251 Days Into The Year, Today Is Native Women’s Equal Pay Day
Native Women’s Equal Pay Day 2021 (Native to be interchanged with Indigenous, Indian, Native American)
Guest blog by Marisa Page, she/her, Pawnee/Ponca/Comanche. Marisa Page is a citizen of the Pawnee Nation of Oklahoma and descends from the Ponca and Comanche tribes. She is currently a development officer with First Nations Development Institute.
It’s Cool to be Indian, Again, Again
“It’s cool to be Indian, again, again,” my mom said to me on the phone. My response was “right?” But is it cool? Do people really want the responsibilities of being Native American, woman or man? Or have they fallen in love with a mystical woman with long black hair, almond eyes, and copper skin? What about Native people makes it cool to be Native? Could it be the missing and murdered Indigenous women epidemic plaguing our country and Canada? The 6,509+ children found in mass graves at over 360 boarding schools? Or is it the mascot issue, where people cease to see us as real human beings? Oh, it must be the fact that Native women earn approximately $0.60 cents (this wage gap varies across Native communities and even hitting as low as $0.47) on the dollar of white, non-Hispanic men.
It’s cool to be Indian, again, again” my mother said. My response was ‘right?’
Native Women’s Equal Pay Day, 500 Years in the Making
This lack of earning potential is the result of over 500 years of genocide, forced assimilation, land theft, and inequities that happen when you are not viewed as a real human being. Indigenous peoples were the first ones on this continent, yet many “rights” that people had in the U.S. were not given to them. For instance, the right to vote was not given to Natives until 1924 when the Snyder Act admitted them as citizens.
So again, I pose the question, why is it cool to be Indian? What turquoise-colored glasses are non-Indians looking through when they consider the modern Indian experience? Can they romanticize Western landscape paintings while completely ignoring the present-day landscape in which Indians live and die?
Treaty Obligations and Such
According to new Census data the total number of people “identifying” as Native American increased by 2 million people since 2010, reaching more than 5.9 million in 2020. This is incredible, especially when there were as few as 500,000 (or less depending on who you ask) Native people in the U.S. at the turn of the 20th Century.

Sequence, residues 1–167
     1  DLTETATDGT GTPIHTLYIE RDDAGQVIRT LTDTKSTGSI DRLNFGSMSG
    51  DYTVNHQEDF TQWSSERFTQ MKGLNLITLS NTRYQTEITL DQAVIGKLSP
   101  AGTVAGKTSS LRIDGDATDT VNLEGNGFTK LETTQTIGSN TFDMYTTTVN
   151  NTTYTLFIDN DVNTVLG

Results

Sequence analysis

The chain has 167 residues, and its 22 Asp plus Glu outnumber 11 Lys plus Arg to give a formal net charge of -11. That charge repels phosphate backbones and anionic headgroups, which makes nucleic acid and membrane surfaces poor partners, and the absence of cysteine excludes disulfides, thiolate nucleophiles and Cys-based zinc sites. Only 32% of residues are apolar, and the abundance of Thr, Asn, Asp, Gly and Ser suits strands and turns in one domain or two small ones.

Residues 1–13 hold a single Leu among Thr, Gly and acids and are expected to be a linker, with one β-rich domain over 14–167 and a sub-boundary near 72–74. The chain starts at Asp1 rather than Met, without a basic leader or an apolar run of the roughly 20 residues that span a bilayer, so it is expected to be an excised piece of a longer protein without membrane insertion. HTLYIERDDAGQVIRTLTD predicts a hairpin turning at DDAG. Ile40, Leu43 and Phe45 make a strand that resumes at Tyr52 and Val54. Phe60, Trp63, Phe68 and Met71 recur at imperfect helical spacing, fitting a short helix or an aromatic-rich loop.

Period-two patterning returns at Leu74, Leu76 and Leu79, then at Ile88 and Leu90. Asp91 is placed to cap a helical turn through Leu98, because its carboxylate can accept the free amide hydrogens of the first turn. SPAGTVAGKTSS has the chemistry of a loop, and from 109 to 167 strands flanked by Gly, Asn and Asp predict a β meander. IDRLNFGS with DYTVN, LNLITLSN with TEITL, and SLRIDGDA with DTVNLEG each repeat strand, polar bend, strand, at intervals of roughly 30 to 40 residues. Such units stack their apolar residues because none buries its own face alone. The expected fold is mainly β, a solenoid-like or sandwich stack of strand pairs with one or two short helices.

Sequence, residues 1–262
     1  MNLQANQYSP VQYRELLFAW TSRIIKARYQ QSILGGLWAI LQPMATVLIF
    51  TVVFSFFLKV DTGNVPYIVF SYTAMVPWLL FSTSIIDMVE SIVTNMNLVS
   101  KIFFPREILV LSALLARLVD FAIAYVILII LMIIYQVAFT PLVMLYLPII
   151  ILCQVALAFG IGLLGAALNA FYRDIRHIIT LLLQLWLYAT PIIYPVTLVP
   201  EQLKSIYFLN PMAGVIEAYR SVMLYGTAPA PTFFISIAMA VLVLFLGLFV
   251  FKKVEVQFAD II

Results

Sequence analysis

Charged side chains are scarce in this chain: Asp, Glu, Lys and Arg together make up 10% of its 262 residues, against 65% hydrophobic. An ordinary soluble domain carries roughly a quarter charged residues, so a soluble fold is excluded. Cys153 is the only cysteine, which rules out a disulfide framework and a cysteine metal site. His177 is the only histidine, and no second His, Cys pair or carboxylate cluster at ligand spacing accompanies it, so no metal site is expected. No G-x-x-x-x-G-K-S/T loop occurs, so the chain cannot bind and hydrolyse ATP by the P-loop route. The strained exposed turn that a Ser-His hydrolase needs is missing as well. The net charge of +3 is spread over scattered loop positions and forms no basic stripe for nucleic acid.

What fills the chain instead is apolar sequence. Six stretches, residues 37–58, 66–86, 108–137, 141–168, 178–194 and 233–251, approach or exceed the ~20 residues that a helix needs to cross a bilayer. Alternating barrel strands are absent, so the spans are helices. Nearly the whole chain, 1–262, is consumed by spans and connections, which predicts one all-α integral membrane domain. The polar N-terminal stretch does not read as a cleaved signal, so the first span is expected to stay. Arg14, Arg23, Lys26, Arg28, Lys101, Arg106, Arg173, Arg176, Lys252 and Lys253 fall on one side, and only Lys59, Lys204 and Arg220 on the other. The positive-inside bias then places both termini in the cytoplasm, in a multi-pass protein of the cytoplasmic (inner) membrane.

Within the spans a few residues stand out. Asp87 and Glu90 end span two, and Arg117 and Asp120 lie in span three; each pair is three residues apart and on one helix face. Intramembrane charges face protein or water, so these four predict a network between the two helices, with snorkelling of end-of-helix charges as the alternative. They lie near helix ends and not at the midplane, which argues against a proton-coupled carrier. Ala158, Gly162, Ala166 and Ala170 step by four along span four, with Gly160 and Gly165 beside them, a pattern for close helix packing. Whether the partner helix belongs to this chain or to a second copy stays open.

I give these numbers because I wonder what they mean for Native Americans living on reservations and the bureaucratic responsibilities and obligations the federal government has to federally recognized Indian tribes. And, what do they mean for tribal women? When such numbers are higher than the actual number of tribally enrolled citizens, assistance isn’t being allocated where it needs to go the most like – housing, tribal law enforcement, utility services, and other infrastructure needs.
The government responsibilities I speak of are not welfare. They are the obligation the government set forth through hundreds of treaties with different tribes, each treaty committing land resources and boundaries, peace, provisions in some cases, preservation of hunting and fishing rights, and protection. Yet the people the U.S. swore to protect continue to live in dire situations, often without clean running water on a hotbed of uranium waste. Or where they risk of having women taken and killed without a trace, despite being under the watchful eye of the federal government.
The truth is many Native women usually don’t dream of making a lot of money. Instead what’s important to us is being able to feed our families and pay our bills on time every month. Even when money is tight, Native women can carve out a meal for 20 people at a moment’s notice. We hold raffles and bake sales to get new moccasins for our children to dance in pow wows. We have the best chile stew and oven bread for each feast day. We make do. While affluent people count their riches in bank statements, Native women count their blessings in friends and family and health. We count ourselves lucky to be here, despite or in-spite-of the failed attempts of the U.S. government to wipe us out.
We are here for a reason! We are here to remind everyone that our beauty still lives on. It lives on through stories, it lives on through water protectors, agricultural practices, and Native food systems. It lives on through art and pottery, through beaded earrings and squash blossoms, and through song and dance. Most importantly it lives on through our children! And that’s all we want: An equal playing field for our children. We do not want the inequities that plagued Native people for over 500 years to perpetuate.
Until we as a society commit to ending centuries of racism and systematic oppression the cycle of poverty will continue, with the poor becoming poorer, and BIPOC women bearing the brunt of it. But with real change, the strength that has allowed Native women to persevere will allow our children to thrive.
A Guide For Allies: Changing the Narrative About Native Americans, Indian Country 101, and other information on our anti-racism resources page.
The Women’s Foundation of Colorado is a nonpartisan organization. The opinions of guest bloggers are their own and do not necessarily reflect the opinions or positions of The Foundation.